However, access to viral load monitoring can reassure both the clinician and the client that ART is working effectively and provides a more solid foundation for moving forward with client self-management, reducing frequency of visits and moving to ART distribution in the community.

How does access to routine viral load support differentiating ART delivery?

Scale up of viral load testing has primarily been seen as an intervention to identify treatment failure early and switch clients appropriately to second-line treatment. Using viral load to identify clients who are adherent and who may be able to be seen less frequently and in the community is an important outcome of routine viral load testing. Routine viral load monitoring can be cost effective if clients who are virally supressed receive differentiated ART delivery based on the result. With a suppressed viral load, clinicians have an objective measure of adherence that can support less frequent clinical consultations. Reducing clinical consultations to every 12 months for clients who are virally suppressed should be considered with access to routine viral load monitoring.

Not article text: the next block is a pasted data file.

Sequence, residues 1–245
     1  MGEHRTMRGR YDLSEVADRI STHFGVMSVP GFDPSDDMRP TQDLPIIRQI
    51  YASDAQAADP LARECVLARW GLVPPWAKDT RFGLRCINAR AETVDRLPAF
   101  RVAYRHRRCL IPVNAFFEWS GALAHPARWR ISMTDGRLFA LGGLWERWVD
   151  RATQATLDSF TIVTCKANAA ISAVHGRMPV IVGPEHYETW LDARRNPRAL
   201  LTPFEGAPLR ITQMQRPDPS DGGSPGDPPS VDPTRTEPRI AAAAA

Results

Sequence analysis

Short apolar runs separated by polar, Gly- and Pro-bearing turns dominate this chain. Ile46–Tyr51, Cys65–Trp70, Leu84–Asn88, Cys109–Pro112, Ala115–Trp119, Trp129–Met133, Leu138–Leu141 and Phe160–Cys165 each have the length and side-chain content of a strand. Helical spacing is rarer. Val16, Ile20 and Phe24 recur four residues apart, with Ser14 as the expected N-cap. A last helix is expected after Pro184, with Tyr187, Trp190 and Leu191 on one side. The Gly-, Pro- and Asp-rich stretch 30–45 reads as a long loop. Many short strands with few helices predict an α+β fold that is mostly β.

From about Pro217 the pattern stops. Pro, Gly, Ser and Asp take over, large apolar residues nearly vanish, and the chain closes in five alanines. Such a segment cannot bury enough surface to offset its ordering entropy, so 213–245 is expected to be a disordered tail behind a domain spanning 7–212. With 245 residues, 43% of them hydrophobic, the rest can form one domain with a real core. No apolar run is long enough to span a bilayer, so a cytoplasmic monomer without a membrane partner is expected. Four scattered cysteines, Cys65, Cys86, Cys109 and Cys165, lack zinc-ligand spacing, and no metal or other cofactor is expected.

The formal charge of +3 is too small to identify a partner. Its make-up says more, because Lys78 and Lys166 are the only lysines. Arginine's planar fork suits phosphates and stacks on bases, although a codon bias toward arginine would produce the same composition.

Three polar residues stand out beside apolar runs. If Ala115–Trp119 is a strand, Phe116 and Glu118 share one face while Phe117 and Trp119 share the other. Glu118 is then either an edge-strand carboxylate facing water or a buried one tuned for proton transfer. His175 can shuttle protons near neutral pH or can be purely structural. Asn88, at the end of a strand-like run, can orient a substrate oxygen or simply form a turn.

Support from global donors

Do global donors accept differentiated care?

Yes. Over the past five years, there has been extensive documentation of a number of interventions for differentiated care. Based on this experience to date, The Global Fund has developed a toolkit for differentiated care and the United States President’s Emergency Plan for AIDS Relief (PEPFAR) has included the concepts of differentiated ART delivery within its 2016 Technical Considerations that guide the development of country operational plans. For many of these interventions, larger-scale implementation is now required within the frame of normal operations with quality monitoring and evaluation to ensure oversight of ART outcomes are monitored.

Viral suppression outcomes and costing evidence